While pain and addiction can and sometimes do exist as comorbid conditions, they may also present as part of a dynamic continuum with pain at one end of the spectrum and addiction at the other extreme. In cases when the identified substance of misuse is one in which there can be no doubt about the medical inappropriateness of ongoing use, such as with alcohol or cocaine use, a comorbid pain and substance-use disorder should be considered. When the drug in question can arguably be both the problem and the solution, depending on clinician training and perspective, a continuum model may better apply. This can be the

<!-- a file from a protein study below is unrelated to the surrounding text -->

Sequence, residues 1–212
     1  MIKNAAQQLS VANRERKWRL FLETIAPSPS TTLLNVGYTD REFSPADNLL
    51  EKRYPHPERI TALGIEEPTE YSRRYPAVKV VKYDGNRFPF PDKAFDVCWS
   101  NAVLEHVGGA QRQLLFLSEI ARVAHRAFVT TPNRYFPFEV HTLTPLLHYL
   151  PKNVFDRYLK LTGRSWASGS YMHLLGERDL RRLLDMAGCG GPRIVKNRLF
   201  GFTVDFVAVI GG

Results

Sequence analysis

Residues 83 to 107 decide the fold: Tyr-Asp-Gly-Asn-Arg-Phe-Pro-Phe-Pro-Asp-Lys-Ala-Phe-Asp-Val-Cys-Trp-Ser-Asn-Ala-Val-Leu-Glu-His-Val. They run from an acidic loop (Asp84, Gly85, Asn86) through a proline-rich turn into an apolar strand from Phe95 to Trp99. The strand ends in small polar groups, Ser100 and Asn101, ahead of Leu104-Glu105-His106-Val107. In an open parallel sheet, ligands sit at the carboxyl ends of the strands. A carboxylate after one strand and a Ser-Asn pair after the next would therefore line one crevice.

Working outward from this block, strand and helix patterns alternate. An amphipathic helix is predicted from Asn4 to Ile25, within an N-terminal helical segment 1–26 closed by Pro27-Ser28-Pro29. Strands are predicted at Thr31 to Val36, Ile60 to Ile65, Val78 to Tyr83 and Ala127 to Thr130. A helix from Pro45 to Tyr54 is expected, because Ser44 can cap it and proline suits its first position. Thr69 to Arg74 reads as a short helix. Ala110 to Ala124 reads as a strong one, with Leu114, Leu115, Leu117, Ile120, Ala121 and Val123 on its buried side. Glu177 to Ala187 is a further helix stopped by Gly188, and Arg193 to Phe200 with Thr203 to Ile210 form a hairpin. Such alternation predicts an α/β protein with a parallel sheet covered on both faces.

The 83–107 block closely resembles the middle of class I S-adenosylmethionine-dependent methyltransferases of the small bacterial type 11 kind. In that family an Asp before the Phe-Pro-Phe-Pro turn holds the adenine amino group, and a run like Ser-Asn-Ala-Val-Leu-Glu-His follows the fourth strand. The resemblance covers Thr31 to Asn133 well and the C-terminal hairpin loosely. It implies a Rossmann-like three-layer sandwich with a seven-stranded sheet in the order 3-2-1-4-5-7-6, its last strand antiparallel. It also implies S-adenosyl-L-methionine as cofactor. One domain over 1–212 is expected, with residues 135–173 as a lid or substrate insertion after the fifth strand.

case with opioids used for the treatment of chronic pain. Figure 1 shows diagrammatically this relationship.
With chronic pain, appropriateness of ongoing opioid use may come into question, especially when there is little or no objective improvement in pain relief or function. In this case, the application of the Diagnostic and Statistical Manual of Mental Disorders (DSM-IV) criteria for diagnosis of opioid dependence may lead to inappropriate diagnosis of addiction, potentially compromising patient care.
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Do You Suffer From Chronic Pain? Do You Feel Like You Might Be Addicted to Pain Killers For Life? Are You Trapped on a Merry-Go-Round of Escalating Pain Tolerance That Might Eventually Mean That No Pain Killer Treats Your Condition Anymore? Have you been prescribed pain killers with dangerous side effects?